Christopher Purves sings Handel

Christopher Purves sings Handel
Arcangelo, Jonathan Cohen
Milton Court, 7 January 2018

Distinguished bass/baritone singer Christopher Purves has long been a mainstay of the opera and concert stage. His broad repertoire perhaps evidenced by the fact that my last three reviews of him were in operas by Mozart, George Benjamin, and Georga Enescu. On this occasion, he was the focus of the evening. But this wasn’t one of the usual, and rather predictable, ‘star singer and backing orchestra’ events. Purves and Arcangelo shared the honours in a well-planned partnership of vocal and orchestral music. Purves remained on stage throughout, sitting at the side during Arcangelo’s moments. His jovial introductions to the pieces were relaxed and approachable, not least his opening comment that we were about to hear music for some “complete and utter bastards as well as a couple of real sweeties”. Although many of the protagonists in the programme were clearly in the former category, there were enough of the latter to bring some relief to the bluff and bluster of many of Handel’s music for bass.

Christopher Purves has an enviable ability to sing the most complex musical lines whilst retaining perfect diction, absolute clarity of articulation, and a beautifully stable voice with minimal traces of the vibrato that bedevils so many singers. He also managed the sort of low bass notes that most singers can only manage before breakfast, notably in the gorgeously gentle ‘Fra l’ombre e gl’orrori’ from Aci, Galatea e Polifemo. Added to this his outstanding communication skills and his evident ability to absorb and channel, on this occasion, a wide range of different characters – eight in total ranging from Argante, Cosroe and Gabrias via the two different version of Polyphemus/Polifemo to the concluding Hamon, in Esther. My only slight quibble is his habit of turning initial ‘R’s into machine-gun like ‘Rrrrrrrrrrrrrrrrrrr’s’. Having said that, two of those occasions were perfectly apt – ‘I rage, I melt, I burn‘, from Acis and Galatea and ‘Racks, gibbets, sword and fire’ from Theodora.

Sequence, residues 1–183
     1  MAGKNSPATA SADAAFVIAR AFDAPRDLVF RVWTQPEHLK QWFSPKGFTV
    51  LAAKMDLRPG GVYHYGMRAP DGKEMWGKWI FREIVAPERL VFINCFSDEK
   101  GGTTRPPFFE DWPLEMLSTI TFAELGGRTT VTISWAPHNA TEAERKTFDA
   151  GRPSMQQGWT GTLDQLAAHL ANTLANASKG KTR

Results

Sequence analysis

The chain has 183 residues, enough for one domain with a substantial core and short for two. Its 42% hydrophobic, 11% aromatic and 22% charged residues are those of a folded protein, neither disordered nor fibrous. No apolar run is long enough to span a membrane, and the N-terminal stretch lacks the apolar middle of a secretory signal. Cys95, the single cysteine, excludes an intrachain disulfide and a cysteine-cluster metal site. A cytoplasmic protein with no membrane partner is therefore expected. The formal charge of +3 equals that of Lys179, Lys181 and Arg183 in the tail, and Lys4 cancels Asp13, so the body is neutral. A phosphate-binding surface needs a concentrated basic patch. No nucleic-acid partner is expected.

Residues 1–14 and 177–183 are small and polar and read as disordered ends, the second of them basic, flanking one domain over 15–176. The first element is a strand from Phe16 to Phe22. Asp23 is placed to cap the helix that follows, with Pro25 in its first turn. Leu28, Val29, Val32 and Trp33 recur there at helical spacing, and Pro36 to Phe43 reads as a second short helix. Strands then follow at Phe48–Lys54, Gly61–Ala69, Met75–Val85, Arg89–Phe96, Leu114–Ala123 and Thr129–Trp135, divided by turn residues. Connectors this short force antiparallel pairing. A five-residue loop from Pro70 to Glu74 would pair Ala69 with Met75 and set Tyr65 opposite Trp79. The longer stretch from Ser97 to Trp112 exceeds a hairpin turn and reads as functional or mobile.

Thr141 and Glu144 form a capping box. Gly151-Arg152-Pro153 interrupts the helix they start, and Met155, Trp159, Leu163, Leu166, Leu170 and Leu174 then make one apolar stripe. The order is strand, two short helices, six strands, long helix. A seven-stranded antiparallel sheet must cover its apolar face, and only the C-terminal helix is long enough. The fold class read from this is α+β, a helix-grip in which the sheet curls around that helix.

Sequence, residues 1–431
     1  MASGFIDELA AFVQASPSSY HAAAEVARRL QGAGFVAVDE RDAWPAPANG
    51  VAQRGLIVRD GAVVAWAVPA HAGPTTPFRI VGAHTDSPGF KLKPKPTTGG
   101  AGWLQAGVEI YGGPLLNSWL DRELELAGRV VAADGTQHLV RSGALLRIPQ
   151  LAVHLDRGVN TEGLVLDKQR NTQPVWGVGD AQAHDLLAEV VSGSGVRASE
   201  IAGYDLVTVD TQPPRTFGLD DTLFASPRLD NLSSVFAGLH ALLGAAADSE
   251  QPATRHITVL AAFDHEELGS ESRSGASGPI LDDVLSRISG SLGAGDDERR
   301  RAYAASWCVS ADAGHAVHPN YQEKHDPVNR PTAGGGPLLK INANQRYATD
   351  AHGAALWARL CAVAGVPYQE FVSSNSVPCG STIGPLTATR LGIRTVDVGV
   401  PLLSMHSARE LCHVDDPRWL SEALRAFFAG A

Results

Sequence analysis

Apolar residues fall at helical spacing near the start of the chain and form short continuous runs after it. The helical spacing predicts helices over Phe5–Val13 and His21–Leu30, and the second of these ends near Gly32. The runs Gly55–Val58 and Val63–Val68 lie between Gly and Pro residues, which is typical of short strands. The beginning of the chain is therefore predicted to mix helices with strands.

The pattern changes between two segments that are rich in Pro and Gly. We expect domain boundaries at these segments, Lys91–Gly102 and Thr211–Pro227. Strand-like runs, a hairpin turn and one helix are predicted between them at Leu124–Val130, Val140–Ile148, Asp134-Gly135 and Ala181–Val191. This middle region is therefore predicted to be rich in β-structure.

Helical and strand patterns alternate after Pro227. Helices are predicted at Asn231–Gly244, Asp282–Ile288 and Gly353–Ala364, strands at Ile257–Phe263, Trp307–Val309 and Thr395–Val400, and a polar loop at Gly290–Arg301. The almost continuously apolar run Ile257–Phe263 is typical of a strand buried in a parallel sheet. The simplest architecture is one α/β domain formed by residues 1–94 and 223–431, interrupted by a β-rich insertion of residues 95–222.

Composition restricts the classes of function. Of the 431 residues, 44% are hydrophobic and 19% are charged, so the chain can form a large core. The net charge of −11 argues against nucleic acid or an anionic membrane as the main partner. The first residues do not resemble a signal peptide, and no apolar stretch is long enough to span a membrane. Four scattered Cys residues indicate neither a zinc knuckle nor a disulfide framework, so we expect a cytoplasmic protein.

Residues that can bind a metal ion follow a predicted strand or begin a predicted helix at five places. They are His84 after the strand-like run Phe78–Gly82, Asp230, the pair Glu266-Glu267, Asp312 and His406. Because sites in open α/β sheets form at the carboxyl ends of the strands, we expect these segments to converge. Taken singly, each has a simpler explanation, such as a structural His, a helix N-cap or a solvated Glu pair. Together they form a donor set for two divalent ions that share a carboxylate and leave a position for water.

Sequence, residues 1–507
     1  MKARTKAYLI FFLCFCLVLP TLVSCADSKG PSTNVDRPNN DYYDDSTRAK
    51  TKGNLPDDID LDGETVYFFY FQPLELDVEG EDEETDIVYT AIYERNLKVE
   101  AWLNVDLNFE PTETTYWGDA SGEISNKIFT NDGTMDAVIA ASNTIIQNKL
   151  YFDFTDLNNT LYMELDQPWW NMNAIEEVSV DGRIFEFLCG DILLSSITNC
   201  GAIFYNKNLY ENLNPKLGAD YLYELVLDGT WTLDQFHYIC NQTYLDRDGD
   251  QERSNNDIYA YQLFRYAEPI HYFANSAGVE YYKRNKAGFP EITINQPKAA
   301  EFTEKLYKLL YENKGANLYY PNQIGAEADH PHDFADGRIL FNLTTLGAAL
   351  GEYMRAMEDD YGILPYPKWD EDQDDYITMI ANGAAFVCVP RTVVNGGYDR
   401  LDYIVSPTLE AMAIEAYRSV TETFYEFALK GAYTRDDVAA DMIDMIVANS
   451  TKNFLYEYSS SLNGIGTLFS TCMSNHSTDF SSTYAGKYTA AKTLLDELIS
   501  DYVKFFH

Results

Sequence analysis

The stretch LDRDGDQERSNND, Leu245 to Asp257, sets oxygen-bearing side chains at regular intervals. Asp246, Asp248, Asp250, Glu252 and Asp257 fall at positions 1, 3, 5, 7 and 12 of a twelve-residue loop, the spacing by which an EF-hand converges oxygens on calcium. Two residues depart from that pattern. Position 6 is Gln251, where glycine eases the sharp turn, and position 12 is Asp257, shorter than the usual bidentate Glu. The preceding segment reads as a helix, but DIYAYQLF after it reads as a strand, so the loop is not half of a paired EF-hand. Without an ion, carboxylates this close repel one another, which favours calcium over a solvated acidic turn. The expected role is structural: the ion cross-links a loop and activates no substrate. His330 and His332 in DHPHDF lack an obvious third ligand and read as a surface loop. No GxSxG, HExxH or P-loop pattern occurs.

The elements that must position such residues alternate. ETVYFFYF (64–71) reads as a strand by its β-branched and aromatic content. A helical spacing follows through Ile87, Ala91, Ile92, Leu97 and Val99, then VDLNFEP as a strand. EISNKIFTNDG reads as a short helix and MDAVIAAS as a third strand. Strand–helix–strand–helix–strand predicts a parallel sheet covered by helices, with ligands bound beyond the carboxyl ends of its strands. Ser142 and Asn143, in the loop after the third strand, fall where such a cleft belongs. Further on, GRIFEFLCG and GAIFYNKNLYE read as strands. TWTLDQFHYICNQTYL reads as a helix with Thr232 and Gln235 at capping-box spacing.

The always excellent Arcangelo produced several instrumental highlights, the finest also being the most entertaining with Rebecca Miles’s recorder playing in I rage, I melt, I burn. Handel pokes fun at Polyphemus by interpreting his request for “a hundred reeds of decent growth” to make a pipe “for his capacious mouth” with music for the tiniest of recorders, on this occasion whipped from Purves’ inner pocket and passed over to Rebecca Miles to replace her larger version. During ‘Opprest with never ceasing grief’ from Belshazzar, Katharina Spreckelsen added some delightful oboe moments. In their performance of two Handel Concerti Grossi (Op6/5 and Op3/4), leader Cecelia Bernardini and fellow violinist Michael Gurevich and cellist Jonathan Manson excelled. On the down-side, the theorbo player was rather disturbingly anarchic in his use of off-beat rhythms and inappropriately percussive twangs and strums.

My only issue with the programme is that it was a shame that, instead of the two performed Concertos, we didn’t hear a couple of Handel’s Organ Concertos, not least because they were first performed during the intervals of some of the oratorios that featured in the programme. It is debatable whether Handel included an organ in his operas, but certainly did in the oratorios, although on this occasion the organ was played throughout, although it was only audible (at least, to me) on one occasion.  That said, the two Concertos played were very effective examples of Handel’s instrumental composing style – and his ability to confuse audiences as to when a piece finishes. The lack of a listing of the movements in the programme resulted in two rounds of applause in the ‘wrong’ place, despite director Jonathan Cohen’s attempts to indicate that the piece had not ended. An inspiring concert.
The concert includes pieces from the Hyperion CD Handel’s finest arias for Base Voice. A second CD will be released later this year.

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